(CBS/AP) Fear of childhood vaccinations has some parents paying to have a stranger send lollipops and other items purportedly licked by kids with chickenpox, but a federal prosecutor says that in addition to being a bad idea, it's illegal.
Jerry Martin, U.S. attorney for the Middle District of Tennessee, made the comments after hearing reports this week from KPHO-TV in Phoenix and WSMV-TV in Nashville about people turning to Facebook to find lollipops, spit or other items from kids who have chickenpox.
"Can you imagine getting a package in the mail from this complete stranger that you know from Facebook because you joined a group, and say here, drink this purported spit from some other kid?" Martin told The Associated Press.
Isaac Thomsen, a pediatric infectious diseases specialist at Vanderbilt Children's Hospital, said it's unlikely the items will succeed in giving other children chickenpox.
"If there's a very high load on the virus and shipped very quickly, it's theoretically possible," he said. "But it's probably not an effective way to transmit it. It typically has to be inhaled."
But the lollipops could carry more dangerous viruses, including hepatitis, Thomsen warned.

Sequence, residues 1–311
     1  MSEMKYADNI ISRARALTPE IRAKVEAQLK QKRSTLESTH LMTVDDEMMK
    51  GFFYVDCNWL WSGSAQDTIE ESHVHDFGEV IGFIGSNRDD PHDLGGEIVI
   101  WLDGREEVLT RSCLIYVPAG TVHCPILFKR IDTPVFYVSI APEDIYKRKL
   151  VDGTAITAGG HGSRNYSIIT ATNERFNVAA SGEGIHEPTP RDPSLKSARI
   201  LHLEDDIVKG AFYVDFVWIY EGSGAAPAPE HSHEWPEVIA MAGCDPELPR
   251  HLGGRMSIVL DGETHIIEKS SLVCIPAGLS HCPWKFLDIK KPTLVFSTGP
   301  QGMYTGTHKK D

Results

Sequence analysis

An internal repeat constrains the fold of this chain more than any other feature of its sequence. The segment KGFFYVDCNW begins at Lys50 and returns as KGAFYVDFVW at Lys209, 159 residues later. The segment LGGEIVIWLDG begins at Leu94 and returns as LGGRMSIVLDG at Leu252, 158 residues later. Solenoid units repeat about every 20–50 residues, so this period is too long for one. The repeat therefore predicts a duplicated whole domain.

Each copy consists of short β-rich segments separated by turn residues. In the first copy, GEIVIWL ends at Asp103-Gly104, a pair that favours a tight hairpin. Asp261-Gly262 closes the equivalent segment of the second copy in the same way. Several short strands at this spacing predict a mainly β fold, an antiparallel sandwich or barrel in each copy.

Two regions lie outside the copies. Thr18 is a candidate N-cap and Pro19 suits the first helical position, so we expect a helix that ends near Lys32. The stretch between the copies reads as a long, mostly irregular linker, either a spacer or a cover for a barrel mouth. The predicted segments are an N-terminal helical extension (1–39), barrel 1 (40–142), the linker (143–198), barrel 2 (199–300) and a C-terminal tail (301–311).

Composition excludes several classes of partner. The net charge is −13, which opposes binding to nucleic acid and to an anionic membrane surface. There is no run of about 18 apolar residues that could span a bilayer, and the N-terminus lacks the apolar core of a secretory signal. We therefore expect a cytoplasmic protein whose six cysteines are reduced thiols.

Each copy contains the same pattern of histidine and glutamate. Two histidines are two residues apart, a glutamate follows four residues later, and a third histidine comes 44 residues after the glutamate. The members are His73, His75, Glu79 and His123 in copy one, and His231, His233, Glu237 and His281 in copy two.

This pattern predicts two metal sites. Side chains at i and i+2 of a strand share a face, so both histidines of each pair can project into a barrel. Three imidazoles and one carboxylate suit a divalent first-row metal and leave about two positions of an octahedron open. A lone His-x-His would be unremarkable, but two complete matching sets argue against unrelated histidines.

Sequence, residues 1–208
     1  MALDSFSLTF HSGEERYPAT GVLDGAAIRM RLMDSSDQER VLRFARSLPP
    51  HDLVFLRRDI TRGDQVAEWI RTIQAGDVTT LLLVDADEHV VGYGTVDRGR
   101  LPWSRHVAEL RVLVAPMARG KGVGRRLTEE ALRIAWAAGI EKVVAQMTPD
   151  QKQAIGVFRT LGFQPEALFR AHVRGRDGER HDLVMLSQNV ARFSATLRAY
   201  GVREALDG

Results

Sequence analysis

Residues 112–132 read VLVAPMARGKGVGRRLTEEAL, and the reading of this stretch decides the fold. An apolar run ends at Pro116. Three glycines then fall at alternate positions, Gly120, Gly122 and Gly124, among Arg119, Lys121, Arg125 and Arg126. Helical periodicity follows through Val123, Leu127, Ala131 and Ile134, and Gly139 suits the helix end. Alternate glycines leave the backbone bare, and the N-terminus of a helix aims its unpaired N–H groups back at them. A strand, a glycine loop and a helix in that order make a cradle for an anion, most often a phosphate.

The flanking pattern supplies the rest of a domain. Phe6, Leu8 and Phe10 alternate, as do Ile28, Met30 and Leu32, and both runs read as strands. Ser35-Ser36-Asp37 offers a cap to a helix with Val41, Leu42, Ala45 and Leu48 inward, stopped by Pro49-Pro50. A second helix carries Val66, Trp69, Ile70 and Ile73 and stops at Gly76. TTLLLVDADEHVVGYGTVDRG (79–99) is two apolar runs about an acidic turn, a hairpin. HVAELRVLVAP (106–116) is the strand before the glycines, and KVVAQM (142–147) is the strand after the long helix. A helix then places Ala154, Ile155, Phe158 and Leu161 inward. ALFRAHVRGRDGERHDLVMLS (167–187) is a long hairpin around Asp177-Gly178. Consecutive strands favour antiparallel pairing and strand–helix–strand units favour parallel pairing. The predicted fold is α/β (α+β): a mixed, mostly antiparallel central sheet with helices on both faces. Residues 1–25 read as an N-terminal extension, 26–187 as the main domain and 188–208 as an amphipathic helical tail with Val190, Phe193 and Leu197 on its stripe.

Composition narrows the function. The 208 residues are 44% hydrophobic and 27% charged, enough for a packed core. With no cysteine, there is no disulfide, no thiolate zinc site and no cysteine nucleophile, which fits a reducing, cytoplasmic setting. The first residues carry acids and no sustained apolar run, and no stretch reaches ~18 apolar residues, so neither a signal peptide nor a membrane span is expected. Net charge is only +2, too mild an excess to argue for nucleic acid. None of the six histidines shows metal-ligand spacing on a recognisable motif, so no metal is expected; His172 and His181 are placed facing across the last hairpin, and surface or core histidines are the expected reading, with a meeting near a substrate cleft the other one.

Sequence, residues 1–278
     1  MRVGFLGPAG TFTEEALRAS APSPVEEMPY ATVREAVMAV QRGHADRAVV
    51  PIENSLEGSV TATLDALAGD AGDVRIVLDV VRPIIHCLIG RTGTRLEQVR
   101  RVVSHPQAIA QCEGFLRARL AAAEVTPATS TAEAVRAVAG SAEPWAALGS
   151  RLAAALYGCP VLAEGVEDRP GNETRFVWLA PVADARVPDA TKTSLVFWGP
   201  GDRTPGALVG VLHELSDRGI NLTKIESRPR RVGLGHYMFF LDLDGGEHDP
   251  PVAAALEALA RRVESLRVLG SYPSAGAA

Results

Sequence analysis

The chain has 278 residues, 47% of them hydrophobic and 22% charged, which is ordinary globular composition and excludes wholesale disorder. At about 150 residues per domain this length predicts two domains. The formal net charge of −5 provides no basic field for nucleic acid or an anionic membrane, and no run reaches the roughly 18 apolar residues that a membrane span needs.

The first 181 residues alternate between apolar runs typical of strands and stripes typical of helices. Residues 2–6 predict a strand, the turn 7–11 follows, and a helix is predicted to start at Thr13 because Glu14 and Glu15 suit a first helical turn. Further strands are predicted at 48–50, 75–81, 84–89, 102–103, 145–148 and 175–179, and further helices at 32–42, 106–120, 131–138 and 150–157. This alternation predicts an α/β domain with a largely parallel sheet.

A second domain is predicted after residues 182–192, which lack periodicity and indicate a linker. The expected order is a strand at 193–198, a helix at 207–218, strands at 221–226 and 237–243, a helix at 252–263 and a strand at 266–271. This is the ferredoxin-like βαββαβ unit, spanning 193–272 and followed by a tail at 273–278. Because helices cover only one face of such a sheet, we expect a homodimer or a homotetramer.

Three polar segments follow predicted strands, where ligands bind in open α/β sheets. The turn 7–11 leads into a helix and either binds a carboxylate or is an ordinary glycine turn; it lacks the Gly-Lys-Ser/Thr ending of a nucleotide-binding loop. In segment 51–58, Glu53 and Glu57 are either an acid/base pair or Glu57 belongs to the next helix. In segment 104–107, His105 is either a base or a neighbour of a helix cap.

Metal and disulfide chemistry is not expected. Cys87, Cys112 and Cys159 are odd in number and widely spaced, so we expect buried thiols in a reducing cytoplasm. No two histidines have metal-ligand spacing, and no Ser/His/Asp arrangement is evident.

Martin said it is a federal crime to send diseases or viruses across state lines, whether through the postal service or private services like FedEx. Sending the lollipops is illegal under the same law that makes it a crime to mail contagions like anthrax. onviction could lead to a sentence from less than a year to 20 years in prison, he said.
Martin said the items are sought by parents who don't want to give their children vaccines. He would neither confirm nor deny that his office is investigating or seeking charges against anyone.
TTV reports have said parents have turned to a Facebook group called "Find a Pox Party in Your Area" to link up people looking to share the virus.
One of the Facebook postings from Wendy Werkit of Nashville offered a "fresh batch of pox in Nashville shipping of suckers, spit and Q-tips available tomorrow 50 dollars via PayPal."
Werkit told WSMV that the money was used to pay the shipping costs of the lollipops had been licked by her children.
"They can't get (chickenpox) the normal way anymore of just naturally catching and just naturally getting the immunity for life," Werkit said.
Thomsen, the Vanderbilt physician, said he was even more concerned by a person in the KPHO report seeking items tainted with measles to avoid a school-required vaccination. Measles has a significant mortality rate, causes more complications and is very infectious compared with chickenpox, he said.
And law enforcement won't take any such cases lightly, Martin said.
"If you are engaged in this type of behavior, you're not only potentially exposing innocent people to dangerous viruses and illnesses and diseases, you're also exposing yourself potentially to federal criminal prosecution," he said.
Chickenpox is a viral infection that causes itchy blisters all over the body. It's caused by the varicella-zoster virus, the same one that causes herpes zoster (shingles) in adults.